I often wondered what my nosy neighbours said about my uncle Stephen. They spent so much time rallying whispered gossip across garden fences that I was sure the incident had been discussed to exhausting point. I pictured them, sharing uneducated comments and exchanging judgmental looks over the fact that a man, once unfailing dedicated to his family, had up and left them without a warning or explanation.
Stephen Ridley was named my godfather the day I was born. It was in the cold white walled operating room that I voiced my first opinion of the world. As the story goes, my scream was the loudest the nurses had ever heard. It was only once my uncle held me in his safe arms that I fell silent.
I was six years old when I realised my uncle loved me more than my father did. That grey Tuesday afternoon was supposed to offer only one significant memory. I wished it had stayed that way. But it didn’t. Enough of autumn had arrived to leave the road scattered with bronze and yellow leaves and the ground tacky from a previous fleeting spout of rain that had fallen that same morning. Mom’s lack of energy confined her to the kitchen. She stood waving to me through the window above the sink. My view of her was party obscured by a bright display roses and sunflowers that sat along the window ledge. The flowers had been gifts, sent our way by family and friends after the news of mom’s illness had quietly been made known.
Dad stood arms folded, in the gateway of the entrance to our front garden while my uncle waited expectantly half way down our road, his arms open wide. The handle of my new pink bicycle wobbled violently as I gripped it with all my might. No matter how hard I tried I could only secure my feet onto the white peddles for a few seconds before my lack of balance won and my feet fit the ground firmly, jerking my body forward.
“That was better than last time, Leah Love,” My uncle called out to me.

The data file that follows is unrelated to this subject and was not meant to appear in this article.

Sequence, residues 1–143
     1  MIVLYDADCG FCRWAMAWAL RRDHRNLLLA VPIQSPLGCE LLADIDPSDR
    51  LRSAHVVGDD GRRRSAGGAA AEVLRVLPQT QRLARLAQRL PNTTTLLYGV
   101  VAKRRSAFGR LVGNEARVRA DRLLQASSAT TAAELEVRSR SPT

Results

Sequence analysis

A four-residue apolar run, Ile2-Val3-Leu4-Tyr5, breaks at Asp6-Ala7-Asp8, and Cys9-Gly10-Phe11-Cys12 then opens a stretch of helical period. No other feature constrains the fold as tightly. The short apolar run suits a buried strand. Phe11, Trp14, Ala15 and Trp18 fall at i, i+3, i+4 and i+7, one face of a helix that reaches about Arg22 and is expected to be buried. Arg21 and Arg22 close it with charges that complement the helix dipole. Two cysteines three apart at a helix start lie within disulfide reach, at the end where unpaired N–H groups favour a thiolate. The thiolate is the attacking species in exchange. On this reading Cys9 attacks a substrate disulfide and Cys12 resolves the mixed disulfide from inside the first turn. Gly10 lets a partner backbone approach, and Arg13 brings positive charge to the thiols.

I grimaced up at him; feeling like the road was quickly stretching into the longest one in history, mocking my attempt to conquer it. I turned to my dad, hoping for words of encouragement but he offered me only one; “better.”
My uncle cupped his hands around his mouth; “give it another go,” he called. “I’m right here, just come to me.” He beckoned me forward but I didn’t move.
“I can’t do it.” I shook my head. “I can’t balance.”
“You’ll get it right,” he shouted. “Just keep trying.”
I kept trying, but I didn’t get it right. All of a few determined seconds later, the bicycle buckled underneath me and threw me off. I felt a hot searing burn as my knees and palms scraped the abrasive tar. The bicycle had skidded away from me, its front wheel still spinning as it lay without a rider. My bottom lip began to quiver and I burst into tears. Once again I looked to my father for help but help never came.
“This is your area of expertise,” he said, but not to me. I glanced over my shoulder and saw the blurred silhouette of my uncle hurrying towards me. “For god’s sake, Alexander,” he scowled at his brother. “She fell down; you don’t need a medical degree to know how to help her.” Stephen picked me up and I wrapped my arms around his neck and secured my legs around his waist. I cried into my uncle’s shoulder as he carried me inside. Over it, I could see my father. He lifted my bicycle and stood it upright; before he bent down to inspect it for damage.
“Is she all right?” My mom met my uncle and me in the entrance hall and followed us to the kitchen. “How badly is she hurt?” She tried to move me so that she could see my injuries but I clung to my uncle. “It’s just a graze. I can patch her up,” he insisted. “Do you have an antibacterial solution?” he said. “A liquid would be best. And cotton pads.”
Looking flustered, my mom nodded. “I think there might be both in bathroom cabinet. I’m not certain, but I’ll check.” She disappeared around the corner and I heard her climbing the stairs at a slower pace than she normally did.
My uncle leaned down and sat me on the edge of the stone kitchen counter beside the sink. I looked down at my hands. There were lines of red and patches or white where my skin had come off. My knees stung with every wisp of air that brushed them.